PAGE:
I think for me next year the key is to frankly give away more.
But in a very specific way.
In the industry I serve, a quick win can mean exponentially more to them than just saving a few dollars or a few minutes. And they are typically people pleasers, who hardly ever actually demand that some "small" problem be solved.
It's fantastic to solve a problem for someone that they didn't even know was a problem, let alone solveable. Some people think some things are just the way things have to be. But they aren't.
Being the person that gets that information out always comes back around, in my experience.
Hi @girlFRIDAY! Thank you for such a thoughtful response. It can be daunting to find a balance between giving away too much vs. not enough (or any) information, services or even productss for free. You and Nick Leffler have similar thoughts on this important subject. You might enjoy this interview with Nick about how giving free information has helped him become a thought leader in his inudstry: Nick Leffler Gives Away Valuable Information for Free. Learn Why It's a Strategy He Swears By.
Thanks for sharing your insights!
This sound counterintuitive at first, but I plan to get more customers next year, by spending a lot more time and attention on my current customers.
The proof is in the pudding, I just finished a project last week and the customers parting words were "I'm going to recommend you to everyone I know, actually can my business feature your business as our local business of the month?"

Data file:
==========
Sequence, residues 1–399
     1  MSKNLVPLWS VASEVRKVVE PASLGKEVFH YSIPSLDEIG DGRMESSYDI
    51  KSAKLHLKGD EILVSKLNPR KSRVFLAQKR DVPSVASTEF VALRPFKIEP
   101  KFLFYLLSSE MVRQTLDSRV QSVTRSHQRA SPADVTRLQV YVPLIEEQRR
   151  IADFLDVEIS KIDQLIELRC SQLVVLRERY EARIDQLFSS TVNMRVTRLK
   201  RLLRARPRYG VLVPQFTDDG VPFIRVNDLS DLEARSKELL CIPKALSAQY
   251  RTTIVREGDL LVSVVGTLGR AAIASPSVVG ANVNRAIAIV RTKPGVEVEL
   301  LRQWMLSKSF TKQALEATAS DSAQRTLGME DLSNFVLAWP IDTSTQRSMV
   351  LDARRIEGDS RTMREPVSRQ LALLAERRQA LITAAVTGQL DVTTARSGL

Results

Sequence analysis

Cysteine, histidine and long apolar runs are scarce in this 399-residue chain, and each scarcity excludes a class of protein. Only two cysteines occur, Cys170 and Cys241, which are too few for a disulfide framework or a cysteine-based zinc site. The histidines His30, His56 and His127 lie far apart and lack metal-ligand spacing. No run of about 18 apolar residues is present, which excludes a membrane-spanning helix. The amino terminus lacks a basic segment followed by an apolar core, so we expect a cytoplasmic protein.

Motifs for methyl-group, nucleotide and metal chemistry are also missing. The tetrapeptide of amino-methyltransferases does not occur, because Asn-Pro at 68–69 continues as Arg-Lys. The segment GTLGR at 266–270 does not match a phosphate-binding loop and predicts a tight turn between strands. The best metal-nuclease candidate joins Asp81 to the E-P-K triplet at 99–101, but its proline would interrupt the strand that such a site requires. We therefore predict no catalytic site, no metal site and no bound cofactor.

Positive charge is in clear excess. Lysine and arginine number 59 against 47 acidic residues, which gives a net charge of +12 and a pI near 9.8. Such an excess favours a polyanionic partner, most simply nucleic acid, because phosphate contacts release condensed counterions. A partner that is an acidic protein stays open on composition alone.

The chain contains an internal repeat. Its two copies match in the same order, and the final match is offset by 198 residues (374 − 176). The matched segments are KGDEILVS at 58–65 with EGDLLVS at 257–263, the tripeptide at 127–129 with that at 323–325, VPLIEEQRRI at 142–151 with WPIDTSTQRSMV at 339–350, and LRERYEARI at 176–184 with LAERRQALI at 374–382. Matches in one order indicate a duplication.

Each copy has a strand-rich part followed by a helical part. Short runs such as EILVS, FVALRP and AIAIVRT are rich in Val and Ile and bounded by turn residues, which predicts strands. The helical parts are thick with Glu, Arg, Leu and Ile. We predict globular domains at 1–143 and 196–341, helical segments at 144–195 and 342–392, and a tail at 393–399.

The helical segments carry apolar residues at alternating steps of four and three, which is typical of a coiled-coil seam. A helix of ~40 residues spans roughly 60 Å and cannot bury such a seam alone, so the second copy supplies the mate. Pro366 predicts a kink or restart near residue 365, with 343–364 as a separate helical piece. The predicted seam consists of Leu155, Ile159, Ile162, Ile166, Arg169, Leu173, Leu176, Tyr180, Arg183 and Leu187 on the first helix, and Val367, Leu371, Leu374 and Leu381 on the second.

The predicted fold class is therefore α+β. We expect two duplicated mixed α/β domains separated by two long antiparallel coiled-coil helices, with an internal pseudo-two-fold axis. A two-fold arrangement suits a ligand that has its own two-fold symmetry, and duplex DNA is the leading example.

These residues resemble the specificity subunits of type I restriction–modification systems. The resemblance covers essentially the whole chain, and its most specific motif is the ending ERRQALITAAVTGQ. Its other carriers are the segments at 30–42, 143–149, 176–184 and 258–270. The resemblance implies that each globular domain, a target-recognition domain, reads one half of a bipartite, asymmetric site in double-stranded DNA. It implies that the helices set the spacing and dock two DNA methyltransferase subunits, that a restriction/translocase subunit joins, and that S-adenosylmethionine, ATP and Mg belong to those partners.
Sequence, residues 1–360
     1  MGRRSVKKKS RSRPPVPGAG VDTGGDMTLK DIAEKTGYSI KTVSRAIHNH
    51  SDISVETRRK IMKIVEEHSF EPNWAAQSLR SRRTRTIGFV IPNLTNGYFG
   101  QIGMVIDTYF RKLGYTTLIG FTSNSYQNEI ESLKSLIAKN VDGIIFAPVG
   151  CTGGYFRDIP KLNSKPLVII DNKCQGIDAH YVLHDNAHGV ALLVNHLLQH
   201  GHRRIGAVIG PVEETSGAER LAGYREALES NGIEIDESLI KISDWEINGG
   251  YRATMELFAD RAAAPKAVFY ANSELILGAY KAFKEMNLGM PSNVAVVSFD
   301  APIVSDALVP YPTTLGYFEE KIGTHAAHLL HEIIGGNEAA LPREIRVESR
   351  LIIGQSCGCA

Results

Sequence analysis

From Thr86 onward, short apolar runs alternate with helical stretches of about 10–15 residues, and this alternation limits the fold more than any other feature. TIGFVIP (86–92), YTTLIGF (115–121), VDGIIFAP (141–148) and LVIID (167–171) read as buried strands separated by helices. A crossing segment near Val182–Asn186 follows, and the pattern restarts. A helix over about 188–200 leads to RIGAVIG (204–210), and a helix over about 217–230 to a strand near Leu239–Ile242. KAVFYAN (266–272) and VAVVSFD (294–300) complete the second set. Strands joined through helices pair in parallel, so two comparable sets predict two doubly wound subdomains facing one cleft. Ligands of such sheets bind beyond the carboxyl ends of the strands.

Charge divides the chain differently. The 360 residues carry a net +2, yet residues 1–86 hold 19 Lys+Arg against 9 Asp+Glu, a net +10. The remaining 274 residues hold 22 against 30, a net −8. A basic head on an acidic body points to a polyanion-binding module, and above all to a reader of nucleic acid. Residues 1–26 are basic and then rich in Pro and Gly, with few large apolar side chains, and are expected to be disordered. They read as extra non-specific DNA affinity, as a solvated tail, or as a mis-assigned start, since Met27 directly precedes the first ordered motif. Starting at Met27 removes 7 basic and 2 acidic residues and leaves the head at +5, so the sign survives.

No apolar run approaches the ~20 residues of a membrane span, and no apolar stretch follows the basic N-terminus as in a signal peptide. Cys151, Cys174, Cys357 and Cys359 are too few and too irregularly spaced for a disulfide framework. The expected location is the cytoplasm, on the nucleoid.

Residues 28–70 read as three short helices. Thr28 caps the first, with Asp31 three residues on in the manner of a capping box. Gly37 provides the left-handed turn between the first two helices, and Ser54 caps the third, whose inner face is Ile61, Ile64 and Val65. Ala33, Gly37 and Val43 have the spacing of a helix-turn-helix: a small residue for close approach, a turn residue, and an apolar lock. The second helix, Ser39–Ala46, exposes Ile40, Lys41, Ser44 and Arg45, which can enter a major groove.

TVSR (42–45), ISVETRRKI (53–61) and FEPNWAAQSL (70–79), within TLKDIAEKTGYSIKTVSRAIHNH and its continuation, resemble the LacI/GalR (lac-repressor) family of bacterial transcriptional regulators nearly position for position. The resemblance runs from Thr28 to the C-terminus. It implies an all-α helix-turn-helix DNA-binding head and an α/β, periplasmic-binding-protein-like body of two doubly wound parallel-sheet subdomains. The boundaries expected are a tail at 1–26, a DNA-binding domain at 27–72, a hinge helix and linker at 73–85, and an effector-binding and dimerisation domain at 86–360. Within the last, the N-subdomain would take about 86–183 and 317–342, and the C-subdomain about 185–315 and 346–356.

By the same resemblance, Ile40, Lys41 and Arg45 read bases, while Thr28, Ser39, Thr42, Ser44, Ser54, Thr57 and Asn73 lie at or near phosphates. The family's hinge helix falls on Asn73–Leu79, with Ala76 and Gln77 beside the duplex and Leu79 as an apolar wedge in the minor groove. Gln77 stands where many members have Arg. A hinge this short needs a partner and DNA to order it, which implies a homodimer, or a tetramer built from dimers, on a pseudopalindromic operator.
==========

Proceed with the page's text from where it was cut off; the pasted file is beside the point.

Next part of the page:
@photosbydepuhl What fantastic feedback! Congratulations. You're right -- it's easy to focus primarily on getting new customers and risk losing sight of the clients you already have. Here's a quote from one of our "Getting Customers" articles that totally supports your insight:
"Fact: A repeat customer is your cheapest (and best!) customer
Did you know you’ll spend five times more money attracting a new customer than you would satisfying an existing one? It’s not rocket science to figure out customer retention is far more cost-effective than customer acquisition. Not only that, says Todd Eby, customer success expert and founder of SuccessHacker, marketing only to new customers is risky. “If you solely focus on acquisition, you’re going to find it harder and harder to acquire new business as you saturate your market and pluck all the low hanging fruit.”
Thanks for sharing!
I'm gonna disagree with the 5x as expensive number to attract a new customer, at least in my experience. That may have rung true in the past, but once you build a good SEO based SalesFunnel, the cost of running it and staying on page one in search, where new customers find you, is not that great.
In my business, I receive new leads from people who found me on a generic Google search every week. And they cost me $0.00 - although not all of them end up qualifying as new customers, those who do still cost me nothing and are worth anywhere between a few thousand dollars per project to 6 figures over the lifespan of the relationship.
Keeping an existing customer engaged will cost you a significant amount of time and attention and sometimes money - especially if you need to rectify a mistake that happened. And it doesn't matter if that mistake was your fault or not.
However, the investment is well worth it and will pay off multiple times what you invest. I have customers that are so loyal, that a competitor can come in and underbid me by half, and the customer will not switch, because of the relationship we have build.